Deferred action gives hope to young immigrants, activists

Nathaly Uribe, center, spent most of the day Wednesday answering people’s questions about the Deferred Action for Childhood Arrivals process before they committed to standing in the long lines that formed outside of the Casa de Maryland multicultural center. (SHFWire photo by Matt Wettengel)

“To some people it’s just a policy change. To us it’s promise; it’s hope; it’s a future. It feels like we’re finally being accepted by the country that we call home.”

Also: Without documents, immigrant students struggle

Matthew Wettengel

 Scripps Howard Foundation Wire

LANGLEY PARK, Md. – Hundreds of young undocumented immigrants and their families swarmed the headquarters of Casa de Maryland’s Multicultural Center this week, eager for permission to remain in the country legally.

The crowd gathered at the organization’s office in a Washington suburb to learn about and in some cases submit their applications for the Deferred Action for Childhood Arrivals program. President Barack Obama said immigrants who came to the U.S. as children who are in school or the military may apply to stay in the US and avoid deportation.

Data source: Migration Policy Institute analysis of 2006-08 and 2008-10 census data. (Graphic by Matt Wettengel)

People of all ages were present. Families came to support their eligible relatives, and some groups of friends accompanied each other, with their folders of paperwork in hand.

Nathaly Uribe, 17, an immigrant who lives in Glen Burnie, Md., was part of the crowd, but she was volunteering and answering questions about new program as best she could.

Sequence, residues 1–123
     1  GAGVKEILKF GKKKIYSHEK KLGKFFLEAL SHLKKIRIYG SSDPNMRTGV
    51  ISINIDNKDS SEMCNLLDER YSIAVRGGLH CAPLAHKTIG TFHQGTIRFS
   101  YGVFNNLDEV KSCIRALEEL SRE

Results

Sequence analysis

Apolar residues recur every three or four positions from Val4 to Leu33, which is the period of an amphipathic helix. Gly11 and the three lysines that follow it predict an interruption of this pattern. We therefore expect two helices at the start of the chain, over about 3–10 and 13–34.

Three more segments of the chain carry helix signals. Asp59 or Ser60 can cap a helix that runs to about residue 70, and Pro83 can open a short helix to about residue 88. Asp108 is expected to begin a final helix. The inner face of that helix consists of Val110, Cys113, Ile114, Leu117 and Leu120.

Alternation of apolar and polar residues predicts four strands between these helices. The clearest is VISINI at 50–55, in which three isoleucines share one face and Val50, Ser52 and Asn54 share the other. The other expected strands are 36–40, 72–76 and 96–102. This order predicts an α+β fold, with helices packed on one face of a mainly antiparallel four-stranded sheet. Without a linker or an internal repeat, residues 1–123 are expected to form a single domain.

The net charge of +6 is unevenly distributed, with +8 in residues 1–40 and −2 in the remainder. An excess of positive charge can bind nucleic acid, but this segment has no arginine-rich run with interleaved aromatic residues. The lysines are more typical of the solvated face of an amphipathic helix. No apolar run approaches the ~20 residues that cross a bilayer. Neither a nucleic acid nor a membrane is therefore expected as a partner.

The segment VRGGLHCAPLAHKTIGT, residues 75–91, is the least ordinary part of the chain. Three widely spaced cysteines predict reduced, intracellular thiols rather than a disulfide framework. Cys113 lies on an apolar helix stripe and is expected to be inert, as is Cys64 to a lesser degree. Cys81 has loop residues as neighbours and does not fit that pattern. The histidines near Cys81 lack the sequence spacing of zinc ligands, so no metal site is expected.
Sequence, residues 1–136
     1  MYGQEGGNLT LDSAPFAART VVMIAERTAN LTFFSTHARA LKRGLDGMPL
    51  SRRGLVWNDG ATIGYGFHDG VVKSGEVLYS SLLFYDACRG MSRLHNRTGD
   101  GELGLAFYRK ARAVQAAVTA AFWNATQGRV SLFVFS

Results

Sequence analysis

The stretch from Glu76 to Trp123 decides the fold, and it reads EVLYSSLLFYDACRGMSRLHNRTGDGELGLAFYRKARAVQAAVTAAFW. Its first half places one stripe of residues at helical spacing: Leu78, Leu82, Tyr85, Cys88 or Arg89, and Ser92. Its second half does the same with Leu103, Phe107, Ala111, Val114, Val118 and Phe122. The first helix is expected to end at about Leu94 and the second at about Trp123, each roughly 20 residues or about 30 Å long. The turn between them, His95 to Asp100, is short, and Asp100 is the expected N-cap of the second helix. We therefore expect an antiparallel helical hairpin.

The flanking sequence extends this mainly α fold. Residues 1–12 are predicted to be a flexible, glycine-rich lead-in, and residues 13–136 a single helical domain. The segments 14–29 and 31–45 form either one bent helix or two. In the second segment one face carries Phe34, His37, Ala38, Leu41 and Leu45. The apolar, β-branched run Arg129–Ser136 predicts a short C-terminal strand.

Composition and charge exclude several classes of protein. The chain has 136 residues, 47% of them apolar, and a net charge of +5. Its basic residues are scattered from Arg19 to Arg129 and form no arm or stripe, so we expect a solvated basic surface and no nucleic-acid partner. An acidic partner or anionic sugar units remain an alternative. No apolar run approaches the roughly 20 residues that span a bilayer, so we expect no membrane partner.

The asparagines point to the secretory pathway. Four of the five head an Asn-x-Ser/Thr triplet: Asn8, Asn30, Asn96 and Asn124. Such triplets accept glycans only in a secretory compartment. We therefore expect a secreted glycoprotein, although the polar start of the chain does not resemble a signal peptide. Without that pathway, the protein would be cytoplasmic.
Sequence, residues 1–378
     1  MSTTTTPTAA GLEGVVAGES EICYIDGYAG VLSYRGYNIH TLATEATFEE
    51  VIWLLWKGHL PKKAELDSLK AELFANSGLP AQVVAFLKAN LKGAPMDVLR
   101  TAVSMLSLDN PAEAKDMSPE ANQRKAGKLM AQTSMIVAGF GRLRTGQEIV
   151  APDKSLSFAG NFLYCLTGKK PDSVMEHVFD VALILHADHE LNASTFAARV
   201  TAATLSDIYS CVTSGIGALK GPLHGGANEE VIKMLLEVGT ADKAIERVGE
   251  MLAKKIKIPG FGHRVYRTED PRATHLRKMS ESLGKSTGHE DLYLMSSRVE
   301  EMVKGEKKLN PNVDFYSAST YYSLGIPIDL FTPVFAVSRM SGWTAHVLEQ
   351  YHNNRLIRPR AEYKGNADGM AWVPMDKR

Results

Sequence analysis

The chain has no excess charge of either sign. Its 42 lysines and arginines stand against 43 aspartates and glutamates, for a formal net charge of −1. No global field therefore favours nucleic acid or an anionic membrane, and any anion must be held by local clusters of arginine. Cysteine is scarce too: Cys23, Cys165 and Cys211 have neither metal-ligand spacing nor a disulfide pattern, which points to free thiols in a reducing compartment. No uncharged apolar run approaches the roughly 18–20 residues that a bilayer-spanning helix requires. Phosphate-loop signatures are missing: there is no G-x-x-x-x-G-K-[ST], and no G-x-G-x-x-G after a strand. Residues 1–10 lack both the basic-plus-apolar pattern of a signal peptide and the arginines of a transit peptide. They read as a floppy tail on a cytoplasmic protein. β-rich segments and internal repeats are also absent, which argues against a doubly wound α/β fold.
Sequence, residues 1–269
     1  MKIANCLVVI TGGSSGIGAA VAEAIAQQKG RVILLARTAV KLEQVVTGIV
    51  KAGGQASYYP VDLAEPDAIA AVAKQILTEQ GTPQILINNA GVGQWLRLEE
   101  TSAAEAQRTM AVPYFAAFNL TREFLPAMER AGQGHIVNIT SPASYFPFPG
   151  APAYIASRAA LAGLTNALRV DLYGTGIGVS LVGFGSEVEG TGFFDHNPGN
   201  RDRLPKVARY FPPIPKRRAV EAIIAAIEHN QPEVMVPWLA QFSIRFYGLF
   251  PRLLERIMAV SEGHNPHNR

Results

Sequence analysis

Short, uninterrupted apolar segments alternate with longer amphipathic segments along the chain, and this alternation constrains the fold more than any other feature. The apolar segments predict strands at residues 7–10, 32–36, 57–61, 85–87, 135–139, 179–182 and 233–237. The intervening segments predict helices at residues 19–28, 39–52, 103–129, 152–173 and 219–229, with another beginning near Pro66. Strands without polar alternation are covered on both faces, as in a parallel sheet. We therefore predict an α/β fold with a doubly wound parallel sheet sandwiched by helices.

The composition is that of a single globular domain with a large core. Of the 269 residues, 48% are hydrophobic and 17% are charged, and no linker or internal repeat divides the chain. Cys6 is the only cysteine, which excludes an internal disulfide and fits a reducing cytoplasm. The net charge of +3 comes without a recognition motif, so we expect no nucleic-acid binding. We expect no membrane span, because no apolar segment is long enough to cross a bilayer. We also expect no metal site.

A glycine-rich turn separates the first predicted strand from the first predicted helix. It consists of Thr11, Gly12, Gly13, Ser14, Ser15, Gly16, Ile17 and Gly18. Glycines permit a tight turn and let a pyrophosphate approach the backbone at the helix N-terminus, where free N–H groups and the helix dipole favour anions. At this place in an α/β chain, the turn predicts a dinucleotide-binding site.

Uribe, who came to the US with her parents from Valparaíso, Chile, when she was 2, believes that the challenges her family faced as she was growing up helped her develop into the person she is today. From the 6 miles she would sometimes walk to her mother’s workplace, to nights the family spent sleeping on playgrounds, she said that the adversities will soon be validated through her application for the deferred action process.

“To some people it’s just a policy change. To us it’s promise; it’s hope; it’s a future. It feels like we’re finally being accepted by the country that we call home,” Uribe said.

As she nears the age of 18, when unlawful presence begins for undocumented immigrants who entered the country as minors, Uribe said she’s relieved to have a way of attaining some security in the country she grew up in, even if only for two years.

Gustavo Andrade, director of the organizing department at Casa de Maryland, directed the scores of young immigrants who assembled Wednesday and coordinated the event, manning the speaker system for most of the evening. (SHFWire photo by Matt Wettengel)

Uribe’s volunteer shift began at about 10:30 a.m. She talked to undocumented immigrants and their families about the process all day. Though the US Citizenship and Immigration Services began accepting applications for the program Wednesday, the meeting was largely to inform people about the process – the criteria applicants must meet and the required documents – and to provide legal advice.

For those who qualify, deferred action means many things: the ability to get a job, the possibility of affordable schooling, the opportunity to get a driver’s license in some states and the chance to live without the constant threat of deportation.